Veterinary World

     Open access and peer reviewed journal  

ISSN (Online): 2231-0916

ISSN (Print): 0972-8988


Home l Editorial board l Instructions for authors l Reviewer guideline l Open access policy l Archives l FAQ

Open Access

Copyright: The authors. This article is an open access article licensed under the terms of the Creative Commons Attribution License

( which permits unrestricted use, distribution and reproduction in any medium, provided the work is properly cited.

Review (Published online: 12-03-2015)

9. Tick-borne infections in human and animal population worldwide - José Brites-Neto, Keila Maria Roncato Duarte and Thiago Fernandes Martins

Veterinary World, 8(3): 301-315



   doi: 10.14202/vetworld.2015.301-315


José Brites-Neto: Department of Public Health, Americana, São Paulo, Brazil;

Keila Maria Roncato Duarte: Department of Genetics and Animal Reproduction, Institute of Animal Science, Nova Odessa, São Paulo, Brazil;

Thiago Fernandes Martins: Department of Preventive Veterinary Medicine, Faculty of Veterinary Medicine and Animal Sciences, University of São Paulo, São Paulo, Brazil;


Received: 14-11-2014, Revised: 20-01-2015, Accepted: 25-01-2015, Published online: 12-03-2015


Corresponding author: José Brites-Neto, e-mail:

Citation: Brites-Neto J, Duarte KMR, Martins TF (2015) Tickborne infections in human and animal population worldwide, Veterinary World 8(3):301-315.

The abundance and activity of ectoparasites and its hosts are affected by various abiotic factors, such as climate and other organisms (predators, pathogens and competitors) presenting thus multiples forms of association (obligate to facultative, permanent to intermittent and superficial to subcutaneous) developed during long co-evolving processes. Ticks are ectoparasites widespread globally and its eco epidemiology are closely related to the environmental conditions. They are obligatory hematophagous ectoparasites and responsible as vectors or reservoirs at the transmission of pathogenic fungi, protozoa, viruses, rickettsia and others bacteria during their feeding process on the hosts. Ticks constitute the second vector group that transmit the major number of pathogens to humans and play a role primary for animals in the process of diseases transmission. Many studies on bioecology of ticks, considering the information related to their population dynamics, to the host and the environment, comes possible the application and efficiency of tick control measures in the prevention programs of vector-borne diseases. In this review were considered some taxonomic, morphological, epidemiological and clinical fundamental aspects related to the tick-borne infections that affect human and animal populations.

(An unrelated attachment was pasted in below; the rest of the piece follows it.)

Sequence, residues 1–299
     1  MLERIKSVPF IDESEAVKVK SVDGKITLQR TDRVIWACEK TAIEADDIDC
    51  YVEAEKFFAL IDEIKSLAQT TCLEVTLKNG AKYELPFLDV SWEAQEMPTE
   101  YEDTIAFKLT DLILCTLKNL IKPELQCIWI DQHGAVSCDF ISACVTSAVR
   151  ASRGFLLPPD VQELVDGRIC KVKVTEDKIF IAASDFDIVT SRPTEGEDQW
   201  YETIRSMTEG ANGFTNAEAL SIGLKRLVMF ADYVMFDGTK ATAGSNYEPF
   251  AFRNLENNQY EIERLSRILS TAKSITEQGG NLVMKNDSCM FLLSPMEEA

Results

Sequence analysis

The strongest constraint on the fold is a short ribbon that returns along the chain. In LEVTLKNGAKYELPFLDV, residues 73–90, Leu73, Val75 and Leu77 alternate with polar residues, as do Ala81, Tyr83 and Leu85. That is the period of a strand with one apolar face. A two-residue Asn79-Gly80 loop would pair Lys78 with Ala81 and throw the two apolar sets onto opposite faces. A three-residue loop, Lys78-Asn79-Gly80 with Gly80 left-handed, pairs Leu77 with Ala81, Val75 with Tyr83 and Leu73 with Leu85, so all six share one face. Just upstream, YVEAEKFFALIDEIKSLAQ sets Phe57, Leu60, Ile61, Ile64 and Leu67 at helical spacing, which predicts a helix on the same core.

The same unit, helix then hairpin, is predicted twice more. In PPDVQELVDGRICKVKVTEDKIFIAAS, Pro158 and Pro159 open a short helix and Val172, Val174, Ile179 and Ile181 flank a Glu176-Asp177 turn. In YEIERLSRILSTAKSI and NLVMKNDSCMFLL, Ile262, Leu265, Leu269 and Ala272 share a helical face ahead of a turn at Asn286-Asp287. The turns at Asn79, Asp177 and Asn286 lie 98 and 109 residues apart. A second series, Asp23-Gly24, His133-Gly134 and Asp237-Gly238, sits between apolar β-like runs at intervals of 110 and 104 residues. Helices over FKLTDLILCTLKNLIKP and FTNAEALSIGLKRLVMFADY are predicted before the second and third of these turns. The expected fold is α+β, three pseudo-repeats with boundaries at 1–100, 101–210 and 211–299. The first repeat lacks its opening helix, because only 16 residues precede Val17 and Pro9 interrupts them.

Keywords: acarology, argasidae, epidemiology, health public, ixodidae, parasitology veterinary, zoonosis.

1. Bowman, A.S. and Nuttall, P.A. (2008) Ticks: Biology, Disease and Control. Cambridge University Press, New York.
2. Barros-Battesti, D.M., Arzua, M. and Bechara, G.H. (2006) Carrapatos de Importância Médico-Veterinária da Região Neotropical: Um guia ilustrado para identificação de espécies. Vox/ICTTD-3/Butantan, São Paulo.
3. Sonenshine, D.E. and Roe, M. (2014) Biology of Ticks. 2nd ed., Vol. 1. Oxford University Press, New York.
4. Anderson, J.F. and Magnarelli, L.A. (2008) Biology of ticks. Infect. Dis. Clin. North. Am., 22: 195-215.
5. Nava, S., Guglielmone, A.A. and Mangold, A.J. (2009) An overview of systematics and evolution of ticks. Front. Biosci., 14: 2857-2877.
6. Mans B.J., de Klerk D., Pienaar R. and Latif A.A. (2011) Nuttalliella namaqua: A living fossil and closest relative to the ancestral tick lineage: Implications for the evolution of blood-feeding in ticks. PLoS One, 6(8): e23675.
PMid:21858204 PMCid:PMC3157464
7. Estrada-Pe-a, A., Mangold, A.J., Nava, S., Venzal, J.M., Labruna, M.B. and Guglielmone, A.A. (2010) A review of the systematics of the tick family Argasidae (Ixodida). Acarologia, 50(3): 317-333.